Saturday, 27 May 2006

East Timor: Why? How many? And for how long?

I'm interested in hosting a debate here on NZ's military presence in East Timor, which seems to have happened gradually and without either discussion or significant Parliamentary attention -- much like happened in Vietnam, really. Clark suggests NZ's soldiers will be there for at least a year, but that's somewhat simliar to what John F. Kennedy said when he first sent 'observers' to Vietnam, wasn't it?
  • What's been happening in East Timor is certainly outrageous, but what exactly are 160 NZ soldiers (and counting) expected to achieve there to stop it?
  • And on whose behalf? Who will be the final beneficiary of NZ's 'peace-keeping' in Dili? Do we know?
  • What sort of peace are our soldiers trying to achieve there? Given that their armaments and disposition are better used offensively than defensively -- in other words, they're better equipped for 'shooting at' than being shot at -- who will they be shooting at, and why? And how much being shot at will there be, and why?
  • Will they be able to hunt down all those who shot at them, and if not why not? How many will be killed (and how many of them) if they don't?
  • Why has there been so little debate to date on NZ's military involvement there?
  • And will our troops even get there without their RNZAF transport breaking down?
I'm happy to hear and to air views on these and any related questions, and I might post the best responses here on the front page. How 'bout it?

TAGS: Politics-NZ, Politics-World, Timor


__mars said...

Intriguing questions. From Malaysia point of view, similar situation is happening here though not the debate itself. The Parliament apparently is quiet about it. The executive does seem to have more power than the legislative arm and this does raise legitimate concern.

However, I do support Malaysia sending in troops to East Timor. Moreover, since Malaysia is a representative democracy instead of a direct one, I think it's acceptable. At least in this scenario where quick action is needed and red tapes being unnecessary. If I were a Kiwi, I would support troop mobilization for humanitarian reason.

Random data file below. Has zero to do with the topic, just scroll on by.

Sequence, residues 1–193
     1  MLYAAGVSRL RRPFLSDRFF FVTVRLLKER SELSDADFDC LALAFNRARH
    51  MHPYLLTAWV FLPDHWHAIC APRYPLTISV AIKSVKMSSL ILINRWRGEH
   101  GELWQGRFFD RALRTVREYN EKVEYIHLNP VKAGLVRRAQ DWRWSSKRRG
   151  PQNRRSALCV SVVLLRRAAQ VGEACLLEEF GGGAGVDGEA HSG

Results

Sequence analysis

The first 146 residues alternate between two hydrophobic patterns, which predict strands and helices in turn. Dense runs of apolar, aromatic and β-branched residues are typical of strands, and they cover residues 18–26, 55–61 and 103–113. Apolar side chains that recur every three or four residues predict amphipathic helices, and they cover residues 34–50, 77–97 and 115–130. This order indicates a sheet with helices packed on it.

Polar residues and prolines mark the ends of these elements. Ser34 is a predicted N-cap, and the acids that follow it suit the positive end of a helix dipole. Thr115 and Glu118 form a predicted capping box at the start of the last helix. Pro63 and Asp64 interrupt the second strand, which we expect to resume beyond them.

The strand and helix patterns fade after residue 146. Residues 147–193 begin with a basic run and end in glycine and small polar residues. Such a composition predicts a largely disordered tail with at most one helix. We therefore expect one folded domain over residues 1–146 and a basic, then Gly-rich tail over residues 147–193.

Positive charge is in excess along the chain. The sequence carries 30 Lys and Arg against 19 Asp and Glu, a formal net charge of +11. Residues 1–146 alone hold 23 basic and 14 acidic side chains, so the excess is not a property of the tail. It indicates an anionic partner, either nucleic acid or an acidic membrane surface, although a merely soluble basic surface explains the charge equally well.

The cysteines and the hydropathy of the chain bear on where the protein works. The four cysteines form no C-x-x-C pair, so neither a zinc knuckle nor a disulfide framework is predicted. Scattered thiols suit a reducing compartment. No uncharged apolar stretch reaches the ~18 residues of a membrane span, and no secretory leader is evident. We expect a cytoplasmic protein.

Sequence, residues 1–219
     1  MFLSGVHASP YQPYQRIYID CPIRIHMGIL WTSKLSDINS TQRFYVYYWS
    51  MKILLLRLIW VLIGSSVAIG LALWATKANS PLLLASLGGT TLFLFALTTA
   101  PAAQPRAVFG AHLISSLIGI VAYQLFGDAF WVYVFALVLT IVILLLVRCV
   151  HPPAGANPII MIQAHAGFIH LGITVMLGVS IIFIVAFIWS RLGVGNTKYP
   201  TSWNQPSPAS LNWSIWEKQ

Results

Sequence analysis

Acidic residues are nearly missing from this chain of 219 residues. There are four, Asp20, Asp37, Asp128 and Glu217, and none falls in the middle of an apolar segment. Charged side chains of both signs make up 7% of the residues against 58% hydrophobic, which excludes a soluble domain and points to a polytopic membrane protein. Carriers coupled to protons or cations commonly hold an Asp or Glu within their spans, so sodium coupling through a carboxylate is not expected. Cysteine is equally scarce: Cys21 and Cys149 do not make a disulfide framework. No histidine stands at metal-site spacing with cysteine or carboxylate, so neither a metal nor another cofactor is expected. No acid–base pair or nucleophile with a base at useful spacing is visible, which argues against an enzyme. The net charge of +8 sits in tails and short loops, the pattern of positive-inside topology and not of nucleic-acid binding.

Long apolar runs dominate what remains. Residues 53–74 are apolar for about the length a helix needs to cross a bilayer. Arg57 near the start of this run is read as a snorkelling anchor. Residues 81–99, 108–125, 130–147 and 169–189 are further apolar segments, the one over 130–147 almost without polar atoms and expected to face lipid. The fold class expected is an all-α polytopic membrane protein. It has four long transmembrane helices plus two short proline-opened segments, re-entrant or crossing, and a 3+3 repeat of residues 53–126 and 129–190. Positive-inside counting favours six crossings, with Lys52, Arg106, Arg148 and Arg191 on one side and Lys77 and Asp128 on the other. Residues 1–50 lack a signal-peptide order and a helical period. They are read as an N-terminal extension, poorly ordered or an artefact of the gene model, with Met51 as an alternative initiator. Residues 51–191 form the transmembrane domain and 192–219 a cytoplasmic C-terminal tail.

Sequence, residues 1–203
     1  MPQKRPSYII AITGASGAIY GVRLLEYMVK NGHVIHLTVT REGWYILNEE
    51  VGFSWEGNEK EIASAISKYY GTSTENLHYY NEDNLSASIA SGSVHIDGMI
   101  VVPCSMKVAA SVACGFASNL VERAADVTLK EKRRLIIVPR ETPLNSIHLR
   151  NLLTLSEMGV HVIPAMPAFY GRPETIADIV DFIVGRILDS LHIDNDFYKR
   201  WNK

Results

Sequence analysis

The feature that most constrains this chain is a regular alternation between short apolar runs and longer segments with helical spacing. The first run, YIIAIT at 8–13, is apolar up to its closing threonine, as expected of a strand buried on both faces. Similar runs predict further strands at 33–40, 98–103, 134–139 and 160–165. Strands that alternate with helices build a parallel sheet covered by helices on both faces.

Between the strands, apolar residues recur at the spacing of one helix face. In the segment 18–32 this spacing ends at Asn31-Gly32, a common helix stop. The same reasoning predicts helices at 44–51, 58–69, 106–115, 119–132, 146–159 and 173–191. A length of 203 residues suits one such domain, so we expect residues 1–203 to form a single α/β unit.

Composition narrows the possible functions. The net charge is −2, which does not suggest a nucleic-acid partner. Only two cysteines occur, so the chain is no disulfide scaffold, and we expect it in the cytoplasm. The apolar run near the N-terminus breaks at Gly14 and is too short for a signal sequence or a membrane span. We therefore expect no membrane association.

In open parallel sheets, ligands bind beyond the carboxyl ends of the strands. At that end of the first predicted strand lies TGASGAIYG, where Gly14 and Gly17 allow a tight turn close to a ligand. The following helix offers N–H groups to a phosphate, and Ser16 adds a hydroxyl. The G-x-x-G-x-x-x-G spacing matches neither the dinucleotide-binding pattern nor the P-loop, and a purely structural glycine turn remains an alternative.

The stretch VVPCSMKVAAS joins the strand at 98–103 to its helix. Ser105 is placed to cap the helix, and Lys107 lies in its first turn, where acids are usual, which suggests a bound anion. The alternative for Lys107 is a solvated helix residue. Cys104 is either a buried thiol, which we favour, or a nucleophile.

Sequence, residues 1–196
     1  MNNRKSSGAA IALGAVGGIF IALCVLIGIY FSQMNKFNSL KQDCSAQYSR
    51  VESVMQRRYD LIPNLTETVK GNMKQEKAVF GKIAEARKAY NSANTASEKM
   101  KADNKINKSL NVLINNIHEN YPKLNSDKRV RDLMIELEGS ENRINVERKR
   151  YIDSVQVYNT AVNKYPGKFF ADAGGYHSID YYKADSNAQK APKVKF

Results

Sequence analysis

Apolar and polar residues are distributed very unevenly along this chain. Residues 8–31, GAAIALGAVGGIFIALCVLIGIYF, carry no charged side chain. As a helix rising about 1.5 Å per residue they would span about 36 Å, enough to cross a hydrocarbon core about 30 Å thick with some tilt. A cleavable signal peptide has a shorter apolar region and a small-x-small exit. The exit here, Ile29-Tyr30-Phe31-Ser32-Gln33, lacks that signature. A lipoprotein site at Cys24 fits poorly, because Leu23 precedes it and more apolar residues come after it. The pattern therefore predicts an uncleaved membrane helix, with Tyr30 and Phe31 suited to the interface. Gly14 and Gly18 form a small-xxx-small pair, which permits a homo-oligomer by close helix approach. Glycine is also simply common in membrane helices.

Berend de Boer said...

Yes, the MSM has done a great job enlightening the people, no need for the blogosphere to pickup the tab...

But to become serious: for me it all depends on what Keith Locke thinks: if he's in favor, we should not get involved.

Phil Howison said...

If the intervention is well-led, it will probably be successful, at least in the short term. The gangs, rebels and factions are completely outgunned. It seems like the Aussies have allied themselves loosely with the ex-guerrillas - a smart move. After all, they defeated the Indonesians in guerrilla warfare, they could certainly force an Australian withdrawal if they saw it as opposed to their own interests (I certainly can't see the Aussies staying for 24 years, like the Indonesians).

As for the strategic rationale, this is definitely in Australia's interest, and New Zealand should contribute both to give more regional legitimacy and to support an ally. Operations like this pose little risk and offer troops a chance to put their training into practice. Australia is currently surrounded by weak and failing states to the north and east. A full collapse of any of those countries poses risks for Asutralia including disease, refugees, arms trafficking, smuggling etc. One major threat to Australia is terrorism. Weak states north of Australia - Indonesia, the Philippines etc - are home to Islamic terrorist groups like JI and Abu Sayyaf. They haven't attacked Australia yet, but failed states close by could offer secure locations for training camps and staging grounds unless Australia intervenes. This would particularly be the case if those Islamic groups (or radicalised elements within the Indonesian military) launched a jihad against East Timor and the Australians based there.

Anonymous said...

*The kiwis naturally can't handle the whole thing by themselves, but as said, they're an important part of the mainly australian operation, operationally and politically.
*The beneficiaries will be the people of East Timor. Yes, the NZ taxpayer foots the bill, but we have an obligation to help out in our region. The troops will bring peace and stability, and save lives.
*One of the factors delaying the deployment of ANZAC troops was the negotiations over the rules of engagement. The troops will be able to shoot to kill if necessary, and this is what makes peacekeeping forces effective. Fear of the ANZACs will force the gangs to calm down. The resevoir of goodwill the ANZACs have after the earlier intervention means it is highly unlikely anyone will shoot at them anyway. Just their presence is the most important thing here.
*There's been so little debate because most of New Zealand is behind the government's decision to go help our neighbor.
*Yep, the NZDF needs budget increases pretty much all around

Brian Smaller said...

I believe that we are getting involved just for the oil. Apparently Timor is floating ont he stuff. NO BLOOD FOR OIL and all that stuff.